You see when Jonah looked at Ninevah, He saw a large population of evil people who, from his perspective were too far gone and undeserving of God’s mercy. But God desires for every person to come to repentance and trust in Him. Have you ever been in a place where God has placed someone in your life to share the truth of Christ with them and your thought was that they were too far gone? That way of thinking results from a lack of trust in believing that we serve an all-powerful God with whom nothing is impossible. We do not get to choose who is deserving of his mercy, because at some point we have all been a recipient of it. Our decision to make is not deciding who is worthy, our only decision is this: Are we willing to be obedient regardless of the calling? Are we going to say yes when our flesh is screaming to run away? Are we going to walk in obedience because we know that our purpose here is to make His name known?

So back to the question that we started with: What does it mean to be disobedient? For so much of my life, I thought that if I could not do the “bad things” then I was doing what God wanted me to do and walking in obedience. The truth is that obedience to God does not just mean that we do not do the things that He tells us not to, but that we willingly do the things that He tells us to do. Our actions that follow when God asks something of us quickly reveal our heart towards God and our level of trust and commitment to His plans. Obedience requires surrender. And surrender means that we do not get to choose which areas we say yes to and which areas we say no to. What God asks of us; we do. We do it even when it is difficult, challenging, or just does not make sense. We do it because we serve a God who knows what is best even when we cannot see it. God does not want a partially obedient, half surrendered Christian or better known as the lukewarm Christian. The one that walks in accordance with the world and Christ. It is this in-between relationship that will never grow the fruit that abiding in God grows. God wants us to be fully committed to His Will and His plans. We do not wait to surrender and walk in obedience when it makes sense to us. We offer our hearts to him by responding Yes Lord, to whatever the call or the cost.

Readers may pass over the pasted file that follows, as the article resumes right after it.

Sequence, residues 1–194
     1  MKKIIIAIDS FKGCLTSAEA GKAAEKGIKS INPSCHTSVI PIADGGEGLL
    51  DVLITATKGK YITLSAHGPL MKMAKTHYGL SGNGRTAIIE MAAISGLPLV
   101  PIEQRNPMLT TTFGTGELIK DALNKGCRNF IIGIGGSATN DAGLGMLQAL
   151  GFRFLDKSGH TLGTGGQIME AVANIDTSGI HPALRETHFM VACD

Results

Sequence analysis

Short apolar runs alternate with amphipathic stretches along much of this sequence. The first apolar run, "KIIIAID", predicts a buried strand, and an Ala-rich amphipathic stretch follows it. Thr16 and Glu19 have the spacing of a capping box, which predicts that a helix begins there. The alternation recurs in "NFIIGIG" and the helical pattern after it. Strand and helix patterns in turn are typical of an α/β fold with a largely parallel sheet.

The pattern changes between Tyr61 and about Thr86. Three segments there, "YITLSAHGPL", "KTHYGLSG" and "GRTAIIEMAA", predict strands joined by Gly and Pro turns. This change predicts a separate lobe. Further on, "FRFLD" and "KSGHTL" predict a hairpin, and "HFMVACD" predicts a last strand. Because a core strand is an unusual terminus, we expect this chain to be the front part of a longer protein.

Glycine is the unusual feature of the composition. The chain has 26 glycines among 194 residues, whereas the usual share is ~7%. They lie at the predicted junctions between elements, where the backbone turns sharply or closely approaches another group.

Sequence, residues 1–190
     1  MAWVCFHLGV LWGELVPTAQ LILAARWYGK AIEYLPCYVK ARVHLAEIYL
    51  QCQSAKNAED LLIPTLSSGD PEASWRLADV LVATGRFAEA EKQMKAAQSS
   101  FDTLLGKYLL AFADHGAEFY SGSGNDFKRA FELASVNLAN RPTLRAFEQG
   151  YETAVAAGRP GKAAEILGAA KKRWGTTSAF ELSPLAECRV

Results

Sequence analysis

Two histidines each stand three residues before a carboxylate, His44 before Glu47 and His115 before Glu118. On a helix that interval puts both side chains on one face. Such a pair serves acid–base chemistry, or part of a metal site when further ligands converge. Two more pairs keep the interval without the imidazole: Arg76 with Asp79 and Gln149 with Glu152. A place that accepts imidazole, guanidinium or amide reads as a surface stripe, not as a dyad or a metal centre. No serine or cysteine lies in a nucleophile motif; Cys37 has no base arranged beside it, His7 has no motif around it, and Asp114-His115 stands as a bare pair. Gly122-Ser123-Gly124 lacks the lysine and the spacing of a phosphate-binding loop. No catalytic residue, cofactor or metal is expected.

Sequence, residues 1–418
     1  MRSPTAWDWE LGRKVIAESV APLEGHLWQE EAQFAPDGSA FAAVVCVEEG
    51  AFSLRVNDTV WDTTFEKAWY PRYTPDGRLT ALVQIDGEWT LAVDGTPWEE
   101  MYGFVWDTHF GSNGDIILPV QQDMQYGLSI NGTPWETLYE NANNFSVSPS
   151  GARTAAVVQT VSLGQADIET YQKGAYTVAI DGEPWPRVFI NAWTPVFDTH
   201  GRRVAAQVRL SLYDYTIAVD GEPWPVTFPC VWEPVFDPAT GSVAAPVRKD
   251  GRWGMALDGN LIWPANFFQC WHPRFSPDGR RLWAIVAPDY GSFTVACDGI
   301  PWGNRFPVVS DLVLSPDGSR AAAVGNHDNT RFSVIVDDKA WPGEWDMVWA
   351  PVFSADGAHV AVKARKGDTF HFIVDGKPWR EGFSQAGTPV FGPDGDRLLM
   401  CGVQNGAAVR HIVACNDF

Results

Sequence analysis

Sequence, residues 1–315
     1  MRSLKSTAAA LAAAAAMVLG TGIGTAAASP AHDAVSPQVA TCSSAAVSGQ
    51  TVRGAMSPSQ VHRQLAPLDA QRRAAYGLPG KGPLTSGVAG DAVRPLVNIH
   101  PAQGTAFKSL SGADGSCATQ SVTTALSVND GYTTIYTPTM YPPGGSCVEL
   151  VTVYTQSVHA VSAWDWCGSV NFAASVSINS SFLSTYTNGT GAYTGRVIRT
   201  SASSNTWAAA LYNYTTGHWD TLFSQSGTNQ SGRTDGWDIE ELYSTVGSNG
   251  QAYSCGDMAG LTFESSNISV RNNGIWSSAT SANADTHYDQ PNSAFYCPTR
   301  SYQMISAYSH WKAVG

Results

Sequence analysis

“For the word of God is living and active, sharper than any two-edged sword, piercing to the division of soul and of spirit, of joints and of marrow, and discerning the thoughts and intentions of the heart.” Hebrews 4:12

Have you positioned yourself and your life in a place where you can hear from God? The world is loud, distracting, and crazy busy. But even with all the things that attempt to divert us from the path Christ has laid out for us, He speaks, guides, and directs us all along the way. Has God been calling you to something that you have walked away from? Maybe you do not know what He is asking of you. If this is you, here are some questions and practical tips to help you hear from Him each day.

1. My question to you would be are you seeking Him daily? Are you spending time reading the Bible? It is the true word of God, and it is living and very active. So, if you want to hear him speak, open His true Word. Allow it to be your foundation and your direction each day.

2. “Speak, for your servant hears.” (1 Samuel 3:10): Know and trust that God hears you when you pray to Him. Knowing this; create a quiet space where you can confidently pray to God and sit in the quietness and rest in Him.

3. Find times to just be alone with Him without any distractions at all.


This week's Bible reading will focus on people of the Bible who were disobedient as well as ones that were obedient to God's calling for their lives. We must remember that we serve a Holy and very loving God, filled with grace and mercy. But we also serve a just God who rebukes and disciplines His children when they walk in opposition to His Word.